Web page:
Asian stock markets surrendered early gains on Wednesday on fears of tighter policy in China, while the dollar dropped after tepid U.S. jobs data vanquished expectations that the Federal Reserve will taper its stimulus before next year.
European markets were tipped to open lower and could snap their nine-session winning streak.
Financial spreadbetters predicted Britain’s FTSE 100 .FTSE will open 15 to 23 points lower, or as much as 0.3 percent; Germany’s DAX .GDAXI will open 13 to 27 points lower, also down as much as 0.3 percent; and France’s CAC 40 .FCHI will open 12 to 22 points lower, or as much as 0.6 percent.
U.S. S&P 500 E-mini futures were down 0.3 percent, after the S&P 500 Index .SPX closed at a record high in New York on Tuesday.
Japan’s Nikkei share average .N225 ended down 2 percent as a stronger yen took a heavy toll, after shares touched a 3-1/2 week high in the morning session.
Australian shares .AXJO shed 0.3 percent after scaling a five-year peak, dragged down by stronger-than-expected inflation data which reduced expectations for another interest rate cut.
MSCI’s broadest index of Asia-Pacific shares outside Japan .MIAPJ0000PUS was down 0.4 percent, on track to post its first loss in five sessions, while profit-taking pushed Seoul shares .KS11 off their highest level in more than 26 months.
“A story that Chinese banks have tripled debt write-offs in the first half of this year appears to have prompted some profit taking with Asia markets near multi-week highs,” Michael Hewson, chief market analyst at CMC Markets UK, wrote in a research note.
A rise in China’s short-term money rates also underscored investors’ fears that regulators there are poised to tighten liquidity to quell growing inflationary pressures.
The benchmark seven-day repo contract, which had been steadily sliding since October 9, spiked in the morning session, a day after a policy adviser to the People’s Bank of China (PBOC) told Reuters that the authority may tighten cash conditions in the financial system to address inflation risks.
Most Asian markets had firmed in early trade, tracking Wall Street gains as the weak jobs report reinforced expectations that the Fed will maintain its aggressive stimulus well into next year.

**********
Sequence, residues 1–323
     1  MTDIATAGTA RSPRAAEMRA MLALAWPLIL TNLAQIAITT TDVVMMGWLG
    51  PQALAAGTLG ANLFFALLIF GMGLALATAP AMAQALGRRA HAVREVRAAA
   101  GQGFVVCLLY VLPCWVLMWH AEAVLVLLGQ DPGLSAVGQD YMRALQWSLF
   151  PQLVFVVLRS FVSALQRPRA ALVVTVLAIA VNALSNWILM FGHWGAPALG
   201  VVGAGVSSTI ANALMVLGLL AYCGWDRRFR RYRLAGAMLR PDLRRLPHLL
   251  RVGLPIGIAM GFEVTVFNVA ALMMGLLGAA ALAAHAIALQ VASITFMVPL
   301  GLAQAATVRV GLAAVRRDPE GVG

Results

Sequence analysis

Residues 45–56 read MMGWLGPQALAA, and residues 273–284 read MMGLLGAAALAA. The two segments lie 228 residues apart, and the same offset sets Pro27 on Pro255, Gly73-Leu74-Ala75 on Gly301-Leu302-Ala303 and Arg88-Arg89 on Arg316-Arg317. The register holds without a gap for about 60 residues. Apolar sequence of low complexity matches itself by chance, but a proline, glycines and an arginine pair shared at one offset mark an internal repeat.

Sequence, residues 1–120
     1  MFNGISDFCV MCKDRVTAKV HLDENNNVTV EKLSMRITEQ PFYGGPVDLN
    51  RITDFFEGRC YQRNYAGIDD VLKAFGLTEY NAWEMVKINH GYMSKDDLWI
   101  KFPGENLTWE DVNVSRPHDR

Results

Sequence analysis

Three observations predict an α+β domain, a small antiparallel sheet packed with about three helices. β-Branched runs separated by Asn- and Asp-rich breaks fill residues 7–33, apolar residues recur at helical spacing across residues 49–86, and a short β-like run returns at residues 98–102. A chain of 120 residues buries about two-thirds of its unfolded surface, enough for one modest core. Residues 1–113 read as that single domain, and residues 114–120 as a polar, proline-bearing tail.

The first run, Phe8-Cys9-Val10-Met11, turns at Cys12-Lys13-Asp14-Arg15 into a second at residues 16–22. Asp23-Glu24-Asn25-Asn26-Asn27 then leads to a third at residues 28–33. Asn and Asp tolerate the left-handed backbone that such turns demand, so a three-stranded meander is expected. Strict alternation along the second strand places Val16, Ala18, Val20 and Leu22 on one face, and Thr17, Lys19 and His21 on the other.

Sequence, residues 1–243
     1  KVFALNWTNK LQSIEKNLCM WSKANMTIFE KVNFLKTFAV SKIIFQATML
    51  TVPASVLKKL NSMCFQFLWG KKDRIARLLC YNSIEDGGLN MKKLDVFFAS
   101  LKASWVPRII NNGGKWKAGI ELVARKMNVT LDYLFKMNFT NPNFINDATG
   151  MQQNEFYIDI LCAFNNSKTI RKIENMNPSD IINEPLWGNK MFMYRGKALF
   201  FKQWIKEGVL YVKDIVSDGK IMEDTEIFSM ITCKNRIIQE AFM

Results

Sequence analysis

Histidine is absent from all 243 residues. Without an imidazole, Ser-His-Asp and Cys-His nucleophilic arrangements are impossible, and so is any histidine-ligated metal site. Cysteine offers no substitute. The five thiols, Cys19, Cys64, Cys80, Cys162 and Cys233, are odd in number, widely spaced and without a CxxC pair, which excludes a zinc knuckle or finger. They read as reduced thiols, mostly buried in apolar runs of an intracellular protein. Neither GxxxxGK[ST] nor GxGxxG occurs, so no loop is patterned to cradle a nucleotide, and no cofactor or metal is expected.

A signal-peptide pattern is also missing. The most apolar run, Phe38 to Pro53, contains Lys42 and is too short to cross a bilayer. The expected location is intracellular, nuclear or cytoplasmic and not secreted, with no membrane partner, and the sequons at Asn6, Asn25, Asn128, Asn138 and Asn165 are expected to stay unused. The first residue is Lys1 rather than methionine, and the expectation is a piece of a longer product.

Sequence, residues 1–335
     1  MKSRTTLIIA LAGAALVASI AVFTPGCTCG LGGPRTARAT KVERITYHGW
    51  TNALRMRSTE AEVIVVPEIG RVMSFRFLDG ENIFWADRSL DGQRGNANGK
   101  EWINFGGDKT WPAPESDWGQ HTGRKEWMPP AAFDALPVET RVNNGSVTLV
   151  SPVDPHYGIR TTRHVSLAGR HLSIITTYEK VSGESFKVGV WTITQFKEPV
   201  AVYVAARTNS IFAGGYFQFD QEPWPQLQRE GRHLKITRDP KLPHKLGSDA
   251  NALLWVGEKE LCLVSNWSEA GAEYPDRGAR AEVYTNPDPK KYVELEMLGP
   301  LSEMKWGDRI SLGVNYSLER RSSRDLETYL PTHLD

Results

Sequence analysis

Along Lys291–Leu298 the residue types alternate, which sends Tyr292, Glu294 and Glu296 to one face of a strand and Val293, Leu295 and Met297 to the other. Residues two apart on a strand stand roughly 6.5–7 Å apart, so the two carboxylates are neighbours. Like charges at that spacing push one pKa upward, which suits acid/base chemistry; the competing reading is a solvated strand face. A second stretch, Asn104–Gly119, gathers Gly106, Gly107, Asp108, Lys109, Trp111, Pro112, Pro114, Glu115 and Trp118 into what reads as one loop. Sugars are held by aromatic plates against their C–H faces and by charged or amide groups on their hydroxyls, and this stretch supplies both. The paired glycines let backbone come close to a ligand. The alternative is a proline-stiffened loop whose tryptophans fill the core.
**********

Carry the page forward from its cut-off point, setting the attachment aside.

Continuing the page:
The report showed nonfarm payrolls increased by 148,000 workers in September, less than expected.
It suggested the economy was losing momentum even before the U.S. fiscal standoff that partially shut down the government for more than two weeks, lending credence to the central bank’s decision to hold off on reducing its stimulus.
Strategists at Barclays pushed out their expectation for the first Fed tapering in the pace of its asset purchases to March 2014 from December 2013, and many market participants concurred.
Nine of 15 U.S. primary dealers surveyed by Reuters on Tuesday expect the Fed to begin tapering its $85 billion-a-month bond-buying program in March.
DOLLAR UNDER PRESSURE
The dollar tumbled 0.7 percent against its Japanese counterpart to 97.40 yen, after as low as 97.25 yen earlier, its lowest since October 9.
The euro was slightly down at $1.3773, after rising as high as $1.3793 on the EBS trading platform, its strongest since November 2011.
In the near-term, the dollar could see further weakness against other major currencies such as the euro and sterling, said Sim Moh Siong, FX strategist for Bank of Singapore, adding that the euro may rise towards levels around $1.39.
“I think there’s certainly a high possibility that dollar weakness might extend a bit further, but I’m not really sure that it changes the medium-term dollar picture,” Sim said.
The dollar index last stood at 79.217 .DXY, after it fell to its weakest in eight months at 79.137 earlier, within sight of its 2013 low of 78.918 touched in February.
The Australian dollar was last down 0.6 percent against its U.S. counterpart in a whipsaw session that saw it jump about a quarter of a U.S. cent after the CPI report.
The yield on benchmark 10-year Treasury notes fell to 2.492 percent, its lowest since late July, after closing U.S. trade at 2.512 percent.
That helped push the yield on the 10-year Japanese government bond to a five-month low of 0.600 percent.
On the commodities front, concerns about a near-term U.S. crude surplus helped push U.S. crude prices down about 0.5 percent to $97.82 a barrel. Brent crude gave up 0.3 percent to $109.70 a barrel, supported by a weaker dollar.
Copper slipped from near one-month highs as traders booked profits after the U.S. jobs report reinforced the metal’s weak fundamental outlook, falling 1.0 percent to $7,261.75.
Gold fell 0.2 percent lower to $1,336.51 an ounce, having risen to a four-week high after the payrolls data.
Source : Reuters